Chrissy Metz to Produce Kara Richardson Whitely's "Gorge"
For many years, Eating Recovery Center has had the pleasure of partnering with author, adventurer and inspirational speaker Kara Richardson Whitely. As ERC’s Binge Eating Disorder Recovery Advocate, Kara does more than contribute blogs and host Facebook Lives. She connects with those in eating disorder recovery on a level that only one can do after going through it themselves.
Kara is the author of "The Weight of Being: How I Satisfied My Hunger for Happiness" (2018) and "Gorge: My Journey Up Kilimanjaro at 300 Pounds" (2015), which has recently gained even more media attention when it was announced that "Gorge" would soon be made into a film, directed by and possibly starring "This Is Us" actor Chrissy Metz.
We connected with Kara to learn more about Gorge, what she learned from climbing the highest free-standing mountain in the world, and what it’s like working with one of today’s most talented actors.
“Gorge” is about your journey up Kilimanjaro, which you’ve attempted multiple times. Why was the third trek the focus of the book?
Kara Richardson Whitely: This third was the most important because I learned to love where I was and go from there.
Did you always know you wanted to write about the experience?
KRW: Writing is how I connect the dots of my past and my present. It becomes a sort of map for my future. As I was taking on Kilimanjaro, I found myself processing so many things of my past that I was really compelled to write about it...not just to share it but to make sense of it.
What is one major thing you learned about yourself from Kilimanjaro?
KRW: One of the most important things I’ve learned is to love were I am and go from there. Before I was so focused on the before and after, as if I wasn’t going to be a success if I didn’t look a certain way or weigh a certain amount.
I realized that I needed to come back to the idea that I loved hiking and the joy it brought me. To hike, I needed to put one foot in front of the other starting with flatter trails. By doing that, no matter where I was on the scale, molehills led to mountains and ultimately the highest freestanding mountain in the world.
Do you ever think back on your Kilimanjaro experience when you’re having a rough day?
KRW: I am often reminded, not just of Kilimanjaro, but of being in nature is the opposite of my experience with bingeing. When I hike, I allow myself to be both strong and vulnerable. I feel everything from the fear of what will come on the trail, the frustration when things aren’t going my way, to the moment of success of completing it.
This practice of hiking has helped me look at the stress of life knowing that I can get through it. I may need some techniques or to loop in mental health professionals, but I can and will trudge forward.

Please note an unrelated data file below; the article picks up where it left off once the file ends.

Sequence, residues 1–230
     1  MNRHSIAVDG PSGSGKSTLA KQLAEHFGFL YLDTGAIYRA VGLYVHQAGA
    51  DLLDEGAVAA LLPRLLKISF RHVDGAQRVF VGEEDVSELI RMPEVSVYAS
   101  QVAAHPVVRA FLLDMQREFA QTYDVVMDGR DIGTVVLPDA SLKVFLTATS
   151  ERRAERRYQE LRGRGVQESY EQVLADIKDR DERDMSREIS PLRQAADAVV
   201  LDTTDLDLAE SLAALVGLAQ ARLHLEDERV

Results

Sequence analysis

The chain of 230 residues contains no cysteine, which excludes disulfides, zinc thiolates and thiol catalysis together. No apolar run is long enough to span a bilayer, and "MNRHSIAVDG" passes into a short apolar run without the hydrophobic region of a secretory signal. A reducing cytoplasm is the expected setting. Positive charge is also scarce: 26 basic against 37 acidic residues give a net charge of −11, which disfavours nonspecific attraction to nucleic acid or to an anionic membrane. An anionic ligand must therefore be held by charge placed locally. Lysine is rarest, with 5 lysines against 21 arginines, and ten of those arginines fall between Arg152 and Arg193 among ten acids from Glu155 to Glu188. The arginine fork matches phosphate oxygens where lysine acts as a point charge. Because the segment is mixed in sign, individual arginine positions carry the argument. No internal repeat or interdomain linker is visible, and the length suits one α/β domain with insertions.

It was recently announced that Chrissy Metz will not only be producing the film but might also be starring in it. Why did you envision Chrissy being a part of this incredible project?
KRW: I’m so grateful to Chrissy Metz for being such a champion for this project. I gave her the book, in gratitude for her incredible work as Kate on "This Is Us." Never have I seen such an wonderful portrayal of someone in a larger body – who wasn’t the punch line of a joke. Her role has never leaned on stereotypes. Instead it has mirrored so many of my life experiences. So much so that I knew that she would bring the same authenticity to my story.
What was it like to connect with Chrissy about your story? How did you feel when Chrissy reached out to you after reading the book?
KRW: I gave Chrissy Metz my book at her "This Is Me" book signing in March 2018…and then I didn’t hear from her for months. Then in August that year, right after I landed in Houston, I turned on my phone and I received the most beautiful email about "Gorge" from her. Let’s just say, I cried like a baby.
I was sitting across from a flight attendant and she had to ask if I was okay. I had to explain to her they were happy tears. I had to take a moment to compose myself on a bench in the airport. My fingers were shaking so much as I tried to call Chris [my husband] to tell him the big news.
What have you enjoyed most about working with Chrissy so far? What has surprised you?
KRW: I love her mix of being a professional in this field – not just her perspective as an actress but experience as an agent. She is just so wise and wonderful. Meanwhile, I love how she brings laughter to every interaction.
What can we expect from this project?
KRW: While there is a lot to do from finishing the screenplay adaptation and casting beyond Chrissy, I truly believe it is in good hands. The story will be told with authenticity and give people a feeling of hope and knowing that life is in the now. There is no need to wait until you’re the perfect size to start pursuing your dreams.
We are so proud of your story and resilience. What advice do you have for those who are trying to find the strength to step outside their comfort zone?
KRW: These days I’ve been thinking a lot about the consequence of inaction. This summer I took on a section of The Long Trail (a Vermont trail that runs along the ridgeline from the Massachusetts border to Canada). In these times of Covid-19, there was a lot of uncertainty and odds stacked against me. But I knew if there was an opening and if I followed safety and science guidelines (wearing a mask and social distancing) that I needed to at least set foot on that trail.
Since hiking was one of the most socially distant and safe things I could do, I realized that if I had remained stuck at home, I would have felt lost and tugged down by more anxiety and depression of these trying times. Taking those steps forward brought me closer peace than I’ve felt in a long time.
Learn more about Kara Richardson Whitely.